The Mind of Mr. Soames seems to suggest that John is cursed.  He lives a loveless life under the care of not a mother or father, but of the camera, as fodder for the masses. The pop culture is his parent, and it is a harsh, fickle care-giver. It will love him only so long as he is entertaining, or until something else -- something fresh -- comes along.


In some very strange way, The Mind of Mr. Soames also follows very closely the structural conceit of Trog (1970), a science fiction film about the discovery of the missing link in England, and its failure to be assimilated into man’s modern world by a scientist (Joan Crawford).  

There, Trog is found in a cave, trained to be docile, and then, once freed, considered a dangerous threat to society at large. Mr. Soames’ post-coma life in this film follows the same rough outline.  He awakes, is taught to be a civilized man by Maitland, escapes from custody, and is likewise judged a menace to society.  In this case, however, the "outsider" is clearly one of us; clearly a man.  But society can find nonetheless find no place for him.

In Trog, the missing link is killed, perhaps because of his non-human nature, whereas The Mind of Mr. Soames ends ambiguously with Soames back in custody, trying -- through a clasp of the hands-- to reach out emotionally to anyone willing to connect with him.  He has a long journey ahead of him, we are led to believe.  

And if any film ever deserved a sequel, it’s this one. It would be an incredible thing to revisit Mr. Soames after he has spent thirty years trying to assimilate, trying to conform to a society that so clearly and abundantly  derides him and his “alien” nature.
            
The Mind of Mr. Soames seems dated just a bit in 2015 because no sane or rational person -- and certainly not a psychologist -- would today undertake the education and socialization of John Soames in such a fashion as is depicted in the film. Maitland is evidently and patently a priggish bastard.  He refers to Soames like an animal specimen, saying to guards things like “You can put him back now.”

Certainly someone in authority would stop Maitland and consider that the man-child needs to be adopted by a mother or father, someone with a clear and vested interest in him as a person and not just as an experiment. 

All the problems with John arise from Maitland’s approach; from his inability to contextualize him as an individual and not a test-case for his rapid educational program.  In some way, The Mind of Mr. Soames is a Frankenstein or "Bad Father" movie, with Maitland adopting the role of Victor.

Furthermore, Soames is never adequately socialized in the film, and never really connects to anybody, because Maitland expressively forbids it. This approach seems highly unrealistic today, since we understand much more about what children need to mature in a healthy fashion.

Terence Stamp stars as John Soames and delivers a brave, unforgettable performance as an infant and child in a man’s body.  We watch him open his eyes for the first time, take his first steps, eat his first meal, and see his first girl.  There’s something haunting and lonely in Stamp’s eyes, and some audiences may be reminded of Charly (1969), a film which saw another innocent, played by Cliff Robertson, attempting to interface with normal adult society.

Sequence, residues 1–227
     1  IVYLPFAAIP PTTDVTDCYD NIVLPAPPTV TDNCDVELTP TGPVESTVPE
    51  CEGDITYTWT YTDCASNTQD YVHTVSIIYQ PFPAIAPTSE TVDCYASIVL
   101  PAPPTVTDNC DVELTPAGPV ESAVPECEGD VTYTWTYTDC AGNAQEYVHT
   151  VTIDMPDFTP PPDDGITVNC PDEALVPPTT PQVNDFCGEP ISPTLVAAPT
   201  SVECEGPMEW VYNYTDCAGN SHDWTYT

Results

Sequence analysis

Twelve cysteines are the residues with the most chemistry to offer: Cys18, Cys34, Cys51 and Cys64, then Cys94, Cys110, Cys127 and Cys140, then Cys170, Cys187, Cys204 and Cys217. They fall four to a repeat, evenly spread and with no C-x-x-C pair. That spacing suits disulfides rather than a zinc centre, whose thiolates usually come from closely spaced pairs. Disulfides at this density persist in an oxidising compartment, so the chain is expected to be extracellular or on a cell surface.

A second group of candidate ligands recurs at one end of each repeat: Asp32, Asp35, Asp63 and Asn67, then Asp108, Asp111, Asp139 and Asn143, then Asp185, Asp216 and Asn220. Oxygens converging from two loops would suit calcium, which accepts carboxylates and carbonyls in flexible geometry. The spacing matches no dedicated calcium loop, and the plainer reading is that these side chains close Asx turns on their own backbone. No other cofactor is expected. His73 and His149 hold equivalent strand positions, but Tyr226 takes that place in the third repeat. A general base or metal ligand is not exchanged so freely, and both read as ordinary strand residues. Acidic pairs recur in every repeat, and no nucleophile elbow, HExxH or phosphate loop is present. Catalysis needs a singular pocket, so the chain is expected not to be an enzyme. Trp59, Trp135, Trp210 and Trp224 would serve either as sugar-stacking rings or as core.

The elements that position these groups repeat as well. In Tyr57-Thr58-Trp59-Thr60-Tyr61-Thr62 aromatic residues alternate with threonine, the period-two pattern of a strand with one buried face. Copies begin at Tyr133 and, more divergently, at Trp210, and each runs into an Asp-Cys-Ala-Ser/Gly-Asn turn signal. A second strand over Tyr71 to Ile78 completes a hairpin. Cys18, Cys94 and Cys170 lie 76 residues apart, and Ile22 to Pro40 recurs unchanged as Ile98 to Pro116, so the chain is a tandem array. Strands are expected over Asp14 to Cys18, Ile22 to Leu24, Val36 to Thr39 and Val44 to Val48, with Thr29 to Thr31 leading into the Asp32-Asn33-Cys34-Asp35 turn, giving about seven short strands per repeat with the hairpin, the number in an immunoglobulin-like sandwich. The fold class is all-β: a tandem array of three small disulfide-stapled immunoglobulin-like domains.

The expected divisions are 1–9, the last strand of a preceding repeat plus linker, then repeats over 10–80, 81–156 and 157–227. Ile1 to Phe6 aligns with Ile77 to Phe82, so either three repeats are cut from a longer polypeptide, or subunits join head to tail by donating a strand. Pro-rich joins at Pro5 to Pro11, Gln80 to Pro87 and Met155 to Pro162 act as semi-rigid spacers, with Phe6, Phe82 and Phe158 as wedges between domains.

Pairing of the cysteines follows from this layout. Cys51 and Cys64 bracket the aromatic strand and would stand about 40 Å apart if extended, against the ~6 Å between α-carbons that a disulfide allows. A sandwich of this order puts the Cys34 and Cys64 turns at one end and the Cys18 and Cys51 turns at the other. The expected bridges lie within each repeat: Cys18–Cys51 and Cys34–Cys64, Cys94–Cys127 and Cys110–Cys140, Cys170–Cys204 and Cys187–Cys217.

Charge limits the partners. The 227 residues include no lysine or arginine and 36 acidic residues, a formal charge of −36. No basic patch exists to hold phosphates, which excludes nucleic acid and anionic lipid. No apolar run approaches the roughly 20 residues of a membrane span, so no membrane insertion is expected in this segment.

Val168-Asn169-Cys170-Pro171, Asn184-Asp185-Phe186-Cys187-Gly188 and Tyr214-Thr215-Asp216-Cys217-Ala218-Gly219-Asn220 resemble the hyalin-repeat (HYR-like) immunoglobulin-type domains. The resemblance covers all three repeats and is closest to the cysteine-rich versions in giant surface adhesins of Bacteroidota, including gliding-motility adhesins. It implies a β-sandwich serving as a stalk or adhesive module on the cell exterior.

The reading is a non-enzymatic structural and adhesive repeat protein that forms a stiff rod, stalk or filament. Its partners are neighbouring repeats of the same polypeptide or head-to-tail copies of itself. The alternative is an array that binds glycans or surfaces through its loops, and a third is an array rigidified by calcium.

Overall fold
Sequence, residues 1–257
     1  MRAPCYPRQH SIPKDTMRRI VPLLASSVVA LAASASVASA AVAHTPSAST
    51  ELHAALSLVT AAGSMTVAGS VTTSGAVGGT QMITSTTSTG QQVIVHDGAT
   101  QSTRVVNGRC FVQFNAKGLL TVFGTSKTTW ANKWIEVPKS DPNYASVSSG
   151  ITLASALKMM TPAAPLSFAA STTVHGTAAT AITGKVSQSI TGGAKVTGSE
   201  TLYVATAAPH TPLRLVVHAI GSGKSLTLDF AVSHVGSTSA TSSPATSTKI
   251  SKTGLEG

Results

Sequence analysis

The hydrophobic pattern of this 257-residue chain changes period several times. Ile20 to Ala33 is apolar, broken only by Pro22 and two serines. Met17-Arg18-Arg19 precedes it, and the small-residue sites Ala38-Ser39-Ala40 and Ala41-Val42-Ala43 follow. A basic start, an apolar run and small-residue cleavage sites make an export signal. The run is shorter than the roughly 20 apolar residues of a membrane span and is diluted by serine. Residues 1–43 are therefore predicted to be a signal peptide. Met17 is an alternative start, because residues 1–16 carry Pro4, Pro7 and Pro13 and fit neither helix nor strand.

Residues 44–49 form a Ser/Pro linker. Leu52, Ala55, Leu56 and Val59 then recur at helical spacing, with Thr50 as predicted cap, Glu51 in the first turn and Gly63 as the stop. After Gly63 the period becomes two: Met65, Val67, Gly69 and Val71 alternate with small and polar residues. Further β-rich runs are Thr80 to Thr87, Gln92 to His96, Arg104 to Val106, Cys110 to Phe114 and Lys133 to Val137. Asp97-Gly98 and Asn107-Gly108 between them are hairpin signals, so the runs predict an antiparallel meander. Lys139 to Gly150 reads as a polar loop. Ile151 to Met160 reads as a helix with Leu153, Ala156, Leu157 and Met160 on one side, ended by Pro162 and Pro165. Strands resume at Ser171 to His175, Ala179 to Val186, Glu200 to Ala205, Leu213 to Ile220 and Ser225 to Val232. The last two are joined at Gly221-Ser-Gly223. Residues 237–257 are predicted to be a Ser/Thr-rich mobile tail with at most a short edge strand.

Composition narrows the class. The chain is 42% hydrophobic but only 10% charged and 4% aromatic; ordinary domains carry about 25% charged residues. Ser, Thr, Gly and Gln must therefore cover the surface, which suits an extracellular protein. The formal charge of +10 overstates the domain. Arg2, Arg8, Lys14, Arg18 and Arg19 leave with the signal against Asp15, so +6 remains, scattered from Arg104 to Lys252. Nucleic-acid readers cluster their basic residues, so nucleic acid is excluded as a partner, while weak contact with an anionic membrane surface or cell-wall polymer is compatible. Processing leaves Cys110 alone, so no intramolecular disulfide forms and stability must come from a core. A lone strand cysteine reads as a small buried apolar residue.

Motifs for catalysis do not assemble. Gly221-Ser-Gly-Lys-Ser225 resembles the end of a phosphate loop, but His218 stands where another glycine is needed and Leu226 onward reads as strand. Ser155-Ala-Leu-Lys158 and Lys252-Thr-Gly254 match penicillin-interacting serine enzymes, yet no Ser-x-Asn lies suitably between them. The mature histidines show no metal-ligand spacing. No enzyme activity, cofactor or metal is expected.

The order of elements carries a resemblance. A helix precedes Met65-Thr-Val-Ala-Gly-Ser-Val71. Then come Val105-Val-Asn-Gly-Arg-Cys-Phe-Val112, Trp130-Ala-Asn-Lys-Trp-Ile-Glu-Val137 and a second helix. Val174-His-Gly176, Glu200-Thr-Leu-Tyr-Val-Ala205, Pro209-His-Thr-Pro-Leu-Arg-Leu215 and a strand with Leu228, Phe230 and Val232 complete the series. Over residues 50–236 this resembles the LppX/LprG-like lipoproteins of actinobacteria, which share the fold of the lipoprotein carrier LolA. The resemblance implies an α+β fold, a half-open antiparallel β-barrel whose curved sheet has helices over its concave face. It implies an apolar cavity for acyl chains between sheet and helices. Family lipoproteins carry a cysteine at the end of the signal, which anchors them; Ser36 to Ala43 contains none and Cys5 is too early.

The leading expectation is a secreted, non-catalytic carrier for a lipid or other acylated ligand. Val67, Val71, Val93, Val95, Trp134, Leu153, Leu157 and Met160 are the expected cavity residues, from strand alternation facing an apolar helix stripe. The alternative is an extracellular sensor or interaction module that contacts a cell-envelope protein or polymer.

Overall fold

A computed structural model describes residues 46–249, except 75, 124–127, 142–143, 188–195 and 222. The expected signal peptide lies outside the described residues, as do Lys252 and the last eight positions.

The problem is, of course, that normal society can be so damned shitty at times. Here, a twitchy girl on a train accuses John of attacking her in her compartment, when he does no such thing.  He is just trying to be nice to her, in his own uninformed, innocent way. But society is about conformity, and conforming to rules. John, who is not trained and doesn't live by those rules, is considered a menace. He doesn't understand courtesy.  He doesn't understand "personal" space or privacy.  He just understands that he wants to be close...to someone.

In part, the film suggests, Soames will never be normal or integrated in society simply because society simply won’t have him. He is more interesting as headline fodder (“can this baby kill?” reads one newspaper headline) or as television subject than as a human being.  

So if Maitland has failed to provide Soames an adequate mother, society has failed too to provide a nurturing community around him in which he is free to fail, and free to learn.

Robert Vaughn delivers the finest performance of his career here as the kindly Dr. Bergen.  Because he shows John so much kindness (and buys him Major Matt Mason toys!), one expects more from him than of the cold fish, Maitland, and is consequently more disappointed with him for not doing better by John. 

I suspect a lot of mothers suffer from this syndrome.  Almost a priori we expect them to demonstrate patience and love and support for their young, so when they come up short, they are easily blamed or tagged as failures. 

Traditionally, however, a father who does anything “extra” for his children tends to be lauded by society, because expectations for his investiture of time and energy tend to be much lower.  Once more, then, the film has something to say about parenting, and about how society sees parents. Bergen is a better man than Maitland, but we expect him to do even better because he knows and understands what it means to have a family.

The Mind of Mr. Soames is a very emotional film, but it oddly enough it is not particularly sentimental one.  There’s much restraint in its cerebral approach, and so the film’s issues of nature vs. nurture come naturally to the forefront. 

Upon countenancing the case study of John Soames, one can only deduce that a little more nurture, a little more love, would have gone a long way towards making this "baby" a whole person, and making his life worthwhile.   

So many science fiction movies concern identity, and the things that make us who we are.  The Mind of Mr. Soames suggests, likewise, that if socialization is absent from a child's upbringing, no amount of "learning" can make up for the deficit.